Monday, 27 April 2015

The unspoken

The Homeless Library is the first ever attempt to write a history of homelessness in Britain. It includes not only individual testimonies, but also poetry and art, giving it a shape like no other.

Phil writes:

Our workshops are usually bustling events, with a fair smatter of laughter. But there are often many strands of experience woven into a day and this one had some darker threads which I'd like to take note of. Today was also a day of sad, unspoken conversations.

Detail of handmade book for 'The Homeless Library' April 2015

We'd had the idea of enquiring about people's health. There's very little information about the health of homeless people and we wanted to ask service users in The Wellspring how they were feeling this morning. A sort of weather check, that might lead to some insights about people's good or bad health. I went on a journey of the room, simply asking, "How're you doing today?"

At a homeless drop-in, people are very often navigating stormy weather in their lives. Asking such a direct question might be considered naive. But sometimes it's our duty to be naive, to ask the uncomfortable, to be the stupid one in the room. Provided no one gets hurt.

Out of my question flowed conversations which shook me a little, because they had a terrible sadness at the middle of them. The first man I talked with was sitting hunched over a brew and he glanced at me warily when I sat down. He was feeling down, and as we chatted, his head sunk a little. A bright, well-read man with a sharp edge to his gaze. We've talked several times, but he couldn't summon words today, he was blurring. "I've too much on my mind. This - " (he gestured to my notes) " - it seems abstract from where I am now, irrelevant. I can't put my mind to things..."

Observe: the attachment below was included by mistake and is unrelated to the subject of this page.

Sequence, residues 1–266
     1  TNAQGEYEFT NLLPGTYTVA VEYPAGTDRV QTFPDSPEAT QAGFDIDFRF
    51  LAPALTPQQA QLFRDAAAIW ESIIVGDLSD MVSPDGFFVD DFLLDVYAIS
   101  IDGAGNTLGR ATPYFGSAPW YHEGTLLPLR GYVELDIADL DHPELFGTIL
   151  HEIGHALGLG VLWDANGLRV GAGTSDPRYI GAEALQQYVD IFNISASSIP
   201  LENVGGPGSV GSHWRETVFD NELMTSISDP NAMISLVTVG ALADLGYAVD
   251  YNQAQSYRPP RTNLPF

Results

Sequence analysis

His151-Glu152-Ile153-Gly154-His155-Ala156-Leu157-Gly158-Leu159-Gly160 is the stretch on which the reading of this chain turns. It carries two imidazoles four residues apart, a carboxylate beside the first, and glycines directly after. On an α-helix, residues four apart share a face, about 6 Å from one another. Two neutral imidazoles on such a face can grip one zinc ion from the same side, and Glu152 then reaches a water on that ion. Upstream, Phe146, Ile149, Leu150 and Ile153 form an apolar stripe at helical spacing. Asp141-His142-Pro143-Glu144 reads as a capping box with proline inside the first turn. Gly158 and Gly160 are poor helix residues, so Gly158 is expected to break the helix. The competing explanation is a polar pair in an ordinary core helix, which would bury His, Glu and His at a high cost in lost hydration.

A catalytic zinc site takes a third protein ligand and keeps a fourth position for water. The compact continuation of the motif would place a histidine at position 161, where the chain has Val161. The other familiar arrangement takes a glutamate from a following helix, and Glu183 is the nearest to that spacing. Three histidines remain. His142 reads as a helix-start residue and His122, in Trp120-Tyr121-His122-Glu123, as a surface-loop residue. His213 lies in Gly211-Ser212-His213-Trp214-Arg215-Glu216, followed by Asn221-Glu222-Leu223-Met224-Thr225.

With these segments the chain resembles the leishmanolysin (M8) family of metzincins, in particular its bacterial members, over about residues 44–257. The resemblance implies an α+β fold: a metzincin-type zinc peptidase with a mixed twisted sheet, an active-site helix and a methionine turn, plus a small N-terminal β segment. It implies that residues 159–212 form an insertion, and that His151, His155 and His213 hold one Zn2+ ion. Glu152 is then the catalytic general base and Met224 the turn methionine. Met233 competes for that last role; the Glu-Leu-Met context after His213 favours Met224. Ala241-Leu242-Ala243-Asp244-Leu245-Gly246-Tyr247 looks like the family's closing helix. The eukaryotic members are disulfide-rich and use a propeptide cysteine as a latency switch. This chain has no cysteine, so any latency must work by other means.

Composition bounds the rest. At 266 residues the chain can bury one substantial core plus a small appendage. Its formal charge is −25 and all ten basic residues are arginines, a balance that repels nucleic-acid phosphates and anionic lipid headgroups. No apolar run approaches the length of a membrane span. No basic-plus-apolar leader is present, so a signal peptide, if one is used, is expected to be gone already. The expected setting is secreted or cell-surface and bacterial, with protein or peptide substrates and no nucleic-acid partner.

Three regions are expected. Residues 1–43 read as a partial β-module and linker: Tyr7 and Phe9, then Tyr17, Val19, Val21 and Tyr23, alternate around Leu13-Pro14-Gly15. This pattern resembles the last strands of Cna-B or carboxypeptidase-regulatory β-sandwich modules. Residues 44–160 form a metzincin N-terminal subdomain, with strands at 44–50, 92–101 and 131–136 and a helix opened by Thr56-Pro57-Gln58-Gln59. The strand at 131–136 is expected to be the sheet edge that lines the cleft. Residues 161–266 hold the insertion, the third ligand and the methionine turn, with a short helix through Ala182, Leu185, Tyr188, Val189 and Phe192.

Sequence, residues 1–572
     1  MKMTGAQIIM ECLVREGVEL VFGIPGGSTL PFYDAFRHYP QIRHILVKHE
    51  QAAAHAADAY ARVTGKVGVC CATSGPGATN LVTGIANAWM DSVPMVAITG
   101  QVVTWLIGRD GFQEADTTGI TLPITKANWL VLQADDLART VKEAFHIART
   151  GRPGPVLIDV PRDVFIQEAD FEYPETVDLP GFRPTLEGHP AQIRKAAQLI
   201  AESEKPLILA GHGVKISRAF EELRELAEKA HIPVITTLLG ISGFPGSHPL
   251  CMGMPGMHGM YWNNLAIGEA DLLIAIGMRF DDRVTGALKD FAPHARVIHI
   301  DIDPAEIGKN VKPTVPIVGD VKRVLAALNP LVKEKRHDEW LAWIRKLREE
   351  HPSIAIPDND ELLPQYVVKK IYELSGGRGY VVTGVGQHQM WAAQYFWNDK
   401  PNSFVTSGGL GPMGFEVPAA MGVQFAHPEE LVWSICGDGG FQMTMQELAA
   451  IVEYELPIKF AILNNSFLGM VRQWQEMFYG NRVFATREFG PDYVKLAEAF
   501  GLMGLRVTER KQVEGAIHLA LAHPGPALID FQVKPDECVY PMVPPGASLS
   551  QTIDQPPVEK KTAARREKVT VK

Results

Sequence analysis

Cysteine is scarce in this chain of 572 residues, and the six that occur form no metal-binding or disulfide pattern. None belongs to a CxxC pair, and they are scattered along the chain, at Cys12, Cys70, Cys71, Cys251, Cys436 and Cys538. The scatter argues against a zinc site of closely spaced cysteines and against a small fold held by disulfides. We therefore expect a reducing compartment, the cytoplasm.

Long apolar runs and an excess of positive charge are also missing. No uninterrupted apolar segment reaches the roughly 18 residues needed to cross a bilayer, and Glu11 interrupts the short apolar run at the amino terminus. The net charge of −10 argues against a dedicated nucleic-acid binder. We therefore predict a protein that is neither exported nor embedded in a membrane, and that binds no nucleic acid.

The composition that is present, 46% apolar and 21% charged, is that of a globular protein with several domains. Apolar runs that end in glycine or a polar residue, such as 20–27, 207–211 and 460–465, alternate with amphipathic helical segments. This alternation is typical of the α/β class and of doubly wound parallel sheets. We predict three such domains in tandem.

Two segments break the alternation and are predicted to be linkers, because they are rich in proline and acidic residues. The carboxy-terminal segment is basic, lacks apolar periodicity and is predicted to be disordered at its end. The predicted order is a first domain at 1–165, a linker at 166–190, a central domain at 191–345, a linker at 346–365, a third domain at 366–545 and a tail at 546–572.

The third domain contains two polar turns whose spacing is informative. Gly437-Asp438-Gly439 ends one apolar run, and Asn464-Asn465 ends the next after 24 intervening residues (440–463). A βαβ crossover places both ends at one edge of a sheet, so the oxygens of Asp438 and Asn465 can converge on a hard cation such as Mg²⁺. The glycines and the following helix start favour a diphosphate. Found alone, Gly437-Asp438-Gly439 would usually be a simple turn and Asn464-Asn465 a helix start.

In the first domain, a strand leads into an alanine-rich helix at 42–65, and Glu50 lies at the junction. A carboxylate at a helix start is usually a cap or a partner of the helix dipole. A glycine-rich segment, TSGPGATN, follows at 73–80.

We talked a little more. I hated leaving him lost in grim mist. Lois and I generally try to end our encounters in a positive way, but this was not going to stop at a good point and eventually I bid my farewell, said I hoped he'd feel better. The words were like ashes in my mouth. As I went, looked up from his drink of tea and his face was greyed out, a numb blankness. He said absolutely nothing.

The next person I checked in with was also having a difficult day. "I'm feeling a bit down, but it'll pass once I get out in the sun. I've got to get myself to the park. See some green." As he talked, he twitched. His arms and flapped about in a vague way, like a damaged creature. His eyes were appealing to me, pupils wide. He was fighting to get to the other side of the sad sea, but it kept pulling him back. We wrote a piece together. He's been funny and articulate when we talked before, this time he was drowning in front of me and I couldn't drag him out. Behind his story there are hints of abuse and damage, that lead all the way back to childhood. How can this be spoken, given a shape, passed on for understanding?

As we drove away from the session, Lois talked about an interview she'd done today with a person who'd experienced sexual abuse. The words are on paper, but how do you ever say the emotion that comes with them. How can you write the tears that flowed all through that interview? How can this be said, truly?

How are you doing today?

The Homeless Library is a project devised by arthur+martha to document the heritage of homelessness using interviews, artworks, poetry. It is supported by the Heritage Lottery Fund.

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